HIPPOCAMPAL NEUROGENESIS AND VASCULAR DISEASES IN OLD AGE

In the previous section, we focused on acute disruptions in brain oxygenation and perfusion that perturb metabolic homeostasis and trigger a neurogenic response. In this section, we shift our attention to longstanding remodeling of the cerebrovascular system that occurs with aging and age-related vascular diseases, with consequent changes in neurogenesis that may lead to age-related cognitive decline and more severe pathologies such as dementia.

Hippocampal neurogenesis declines with age

The aging brain produces fewer new neurons, despite a relatively well-maintained pool of NPCs [86, 87]. The ever-decreasing rate of neurogenesis across the lifespan in both neurogenic zones is thought to correspond to a decreased proliferative potential of NPCs with age, and impairments in dendritic development and morphogenesis among newly born hippocampal neurons of aged animals [88–90]. Possibly as a result of this decline in neurogenesis, the prevalence of hippocampal atrophy in the human brain increases with age [91] and may be associated with age-related cognitive decline [92]. The decline in neurogenesis with age has motivated a search for strategies to restore juvenile levels of neurogenesis in older animals. In animal models, interventions to rescue age-related decline in neurogenesis, including: increasing NPC proliferation [93], inhibiting stem cell apoptosis [94], increasing the dendritic connections of new neurons [95], and increasing environmental complexity [96], were sufficient to improve performance on hippocampal-dependent tasks in aged animals. It remains to be determined whether similar interventions might increase hippocampal neurogenesis and in turn improve age-related cognitive decline in humans.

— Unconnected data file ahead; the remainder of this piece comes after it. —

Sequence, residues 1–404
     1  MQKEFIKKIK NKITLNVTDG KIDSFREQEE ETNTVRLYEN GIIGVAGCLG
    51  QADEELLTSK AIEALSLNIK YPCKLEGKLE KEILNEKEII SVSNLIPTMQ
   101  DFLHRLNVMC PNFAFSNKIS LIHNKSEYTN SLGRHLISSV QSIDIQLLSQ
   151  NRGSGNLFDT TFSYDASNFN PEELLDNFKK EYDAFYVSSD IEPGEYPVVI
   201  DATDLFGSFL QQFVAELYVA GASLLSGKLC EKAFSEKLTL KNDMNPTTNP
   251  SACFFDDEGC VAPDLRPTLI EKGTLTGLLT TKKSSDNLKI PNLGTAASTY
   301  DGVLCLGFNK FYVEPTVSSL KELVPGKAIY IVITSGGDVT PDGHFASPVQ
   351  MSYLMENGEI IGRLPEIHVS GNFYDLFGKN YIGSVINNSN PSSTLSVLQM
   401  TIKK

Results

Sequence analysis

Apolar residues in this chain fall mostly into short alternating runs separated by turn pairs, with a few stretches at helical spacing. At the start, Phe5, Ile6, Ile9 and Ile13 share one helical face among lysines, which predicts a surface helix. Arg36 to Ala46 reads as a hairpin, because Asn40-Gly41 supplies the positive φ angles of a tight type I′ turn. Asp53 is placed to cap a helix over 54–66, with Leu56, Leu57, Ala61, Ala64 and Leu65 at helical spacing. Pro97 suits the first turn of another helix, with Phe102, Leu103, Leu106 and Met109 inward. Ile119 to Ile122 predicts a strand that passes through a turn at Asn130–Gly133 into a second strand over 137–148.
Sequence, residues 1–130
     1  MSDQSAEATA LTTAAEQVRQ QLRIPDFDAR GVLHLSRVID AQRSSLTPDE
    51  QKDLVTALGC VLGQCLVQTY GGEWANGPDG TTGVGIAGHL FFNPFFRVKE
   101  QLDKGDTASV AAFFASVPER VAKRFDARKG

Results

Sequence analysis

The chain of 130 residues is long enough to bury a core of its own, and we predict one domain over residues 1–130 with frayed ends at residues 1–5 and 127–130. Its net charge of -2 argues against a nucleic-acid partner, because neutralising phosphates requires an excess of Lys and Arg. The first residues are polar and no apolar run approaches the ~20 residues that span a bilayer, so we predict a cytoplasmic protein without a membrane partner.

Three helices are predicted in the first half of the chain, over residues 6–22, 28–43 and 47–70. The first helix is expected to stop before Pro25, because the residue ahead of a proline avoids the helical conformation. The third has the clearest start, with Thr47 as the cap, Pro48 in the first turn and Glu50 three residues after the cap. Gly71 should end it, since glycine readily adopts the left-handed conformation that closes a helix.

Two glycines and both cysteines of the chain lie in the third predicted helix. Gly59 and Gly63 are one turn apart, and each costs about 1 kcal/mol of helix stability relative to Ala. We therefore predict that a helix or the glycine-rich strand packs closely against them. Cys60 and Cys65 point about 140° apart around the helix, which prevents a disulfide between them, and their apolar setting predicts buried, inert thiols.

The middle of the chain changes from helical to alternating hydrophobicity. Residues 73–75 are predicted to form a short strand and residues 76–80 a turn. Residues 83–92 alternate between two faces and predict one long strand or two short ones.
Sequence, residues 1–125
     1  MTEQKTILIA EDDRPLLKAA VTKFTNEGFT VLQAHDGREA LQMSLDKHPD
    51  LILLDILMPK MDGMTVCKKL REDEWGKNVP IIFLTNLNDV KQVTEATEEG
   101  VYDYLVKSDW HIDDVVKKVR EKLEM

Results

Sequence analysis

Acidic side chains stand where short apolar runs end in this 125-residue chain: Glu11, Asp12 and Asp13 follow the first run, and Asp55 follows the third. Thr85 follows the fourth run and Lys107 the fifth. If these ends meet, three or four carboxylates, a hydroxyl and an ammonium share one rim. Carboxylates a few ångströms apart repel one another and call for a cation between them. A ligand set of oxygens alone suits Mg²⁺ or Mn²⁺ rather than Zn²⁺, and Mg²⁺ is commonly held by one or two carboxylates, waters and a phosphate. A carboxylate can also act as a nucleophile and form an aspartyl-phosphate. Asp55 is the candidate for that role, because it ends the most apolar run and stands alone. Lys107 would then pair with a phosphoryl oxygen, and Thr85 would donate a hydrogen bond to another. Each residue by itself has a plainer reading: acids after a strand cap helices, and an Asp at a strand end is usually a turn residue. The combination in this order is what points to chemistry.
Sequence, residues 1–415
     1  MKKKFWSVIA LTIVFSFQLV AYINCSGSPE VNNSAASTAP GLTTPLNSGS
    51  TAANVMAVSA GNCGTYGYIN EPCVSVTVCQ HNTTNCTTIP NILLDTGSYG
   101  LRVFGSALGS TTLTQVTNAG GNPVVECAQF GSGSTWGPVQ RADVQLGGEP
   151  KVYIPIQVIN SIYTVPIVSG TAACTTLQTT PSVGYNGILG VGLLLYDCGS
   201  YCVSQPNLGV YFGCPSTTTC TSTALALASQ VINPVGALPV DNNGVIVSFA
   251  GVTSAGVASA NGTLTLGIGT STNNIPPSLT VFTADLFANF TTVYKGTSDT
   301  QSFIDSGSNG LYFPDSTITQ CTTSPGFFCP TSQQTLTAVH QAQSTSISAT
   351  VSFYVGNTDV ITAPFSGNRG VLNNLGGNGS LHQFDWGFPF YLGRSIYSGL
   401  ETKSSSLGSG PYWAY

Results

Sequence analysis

Neurogenesis is a process with high metabolic demands. To mechanistically understand the decline in neurogenesis among aged animals, another line of work has focused on whether this decline may be due to age-related changes in the cerebral vasculature. Arteries become stiffer, and less compliant with age (particularly in the presence of atherosclerotic disease) leading to increased vascular resistance [97]. As detailed in a recent review [98], an overall increase in cerebrovascular resistance, reduces the brain’s ability to recruit an increased vascular supply (vasodilatory reserve). Moreover, the number of cerebral microvessels also decline with age. One would expect decreased neurogenesis to result from such a diminished vascular supply. Furthermore, reduced vasodilatory reserve is thought to impair neurovascular coupling [99–101], leading to decreased cognitive ability that is likely neurogenesis-related [102, 103]. Aging is also associated with increased permeability of the BBB [104, 105]. Heightened BBB permeability directly leads to decreased adult neurogenesis, likely via increased local concentrations of blood borne chemokines such as CCL11 [105]. Increased neuro-inflammation also drives changes in microglial activation [106, 107], which may in turn regulate circuit-integration of adult-born neurons [108]. Finally, age-related changes in interneuron signaling, known to play a critical role in the circuit-integration of adult-born neurons, is also important for vasodilation in response to neuronal activity [108, 109]. In Fig. 2, we outline how the various cellular components of the neurovascular unit may be affected by aging and age-related vascular pathology.